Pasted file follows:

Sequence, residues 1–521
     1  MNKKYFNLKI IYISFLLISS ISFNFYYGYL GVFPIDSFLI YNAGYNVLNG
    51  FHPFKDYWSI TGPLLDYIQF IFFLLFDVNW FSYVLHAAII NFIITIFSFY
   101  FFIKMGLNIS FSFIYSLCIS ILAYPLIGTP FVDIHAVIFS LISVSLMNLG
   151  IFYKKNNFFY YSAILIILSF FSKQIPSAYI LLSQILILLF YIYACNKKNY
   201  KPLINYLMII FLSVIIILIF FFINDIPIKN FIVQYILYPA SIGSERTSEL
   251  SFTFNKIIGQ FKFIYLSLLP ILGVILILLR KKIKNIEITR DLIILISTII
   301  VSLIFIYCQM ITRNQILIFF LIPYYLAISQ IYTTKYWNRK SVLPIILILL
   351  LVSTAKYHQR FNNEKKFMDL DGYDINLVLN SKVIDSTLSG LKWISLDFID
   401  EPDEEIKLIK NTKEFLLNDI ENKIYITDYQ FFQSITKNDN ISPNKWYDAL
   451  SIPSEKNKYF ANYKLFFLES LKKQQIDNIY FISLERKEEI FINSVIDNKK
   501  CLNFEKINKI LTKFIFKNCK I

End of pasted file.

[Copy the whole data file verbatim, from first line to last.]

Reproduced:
Sequence, residues 1–521
     1  MNKKYFNLKI IYISFLLISS ISFNFYYGYL GVFPIDSFLI YNAGYNVLNG
    51  FHPFKDYWSI TGPLLDYIQF IFFLLFDVNW FSYVLHAAII NFIITIFSFY
   101  FFIKMGLNIS FSFIYSLCIS ILAYPLIGTP FVDIHAVIFS LISVSLMNLG
   151  IFYKKNNFFY YSAILIILSF FSKQIPSAYI LLSQILILLF YIYACNKKNY
   201  KPLINYLMII FLSVIIILIF FFINDIPIKN FIVQYILYPA SIGSERTSEL
   251  SFTFNKIIGQ FKFIYLSLLP ILGVILILLR KKIKNIEITR DLIILISTII
   301  VSLIFIYCQM ITRNQILIFF LIPYYLAISQ IYTTKYWNRK SVLPIILILL
   351  LVSTAKYHQR FNNEKKFMDL DGYDINLVLN SKVIDSTLSG LKWISLDFID
   401  EPDEEIKLIK NTKEFLLNDI ENKIYITDYQ FFQSITKNDN ISPNKWYDAL
   451  SIPSEKNKYF ANYKLFFLES LKKQQIDNIY FISLERKEEI FINSVIDNKK
   501  CLNFEKINKI LTKFIFKNCK I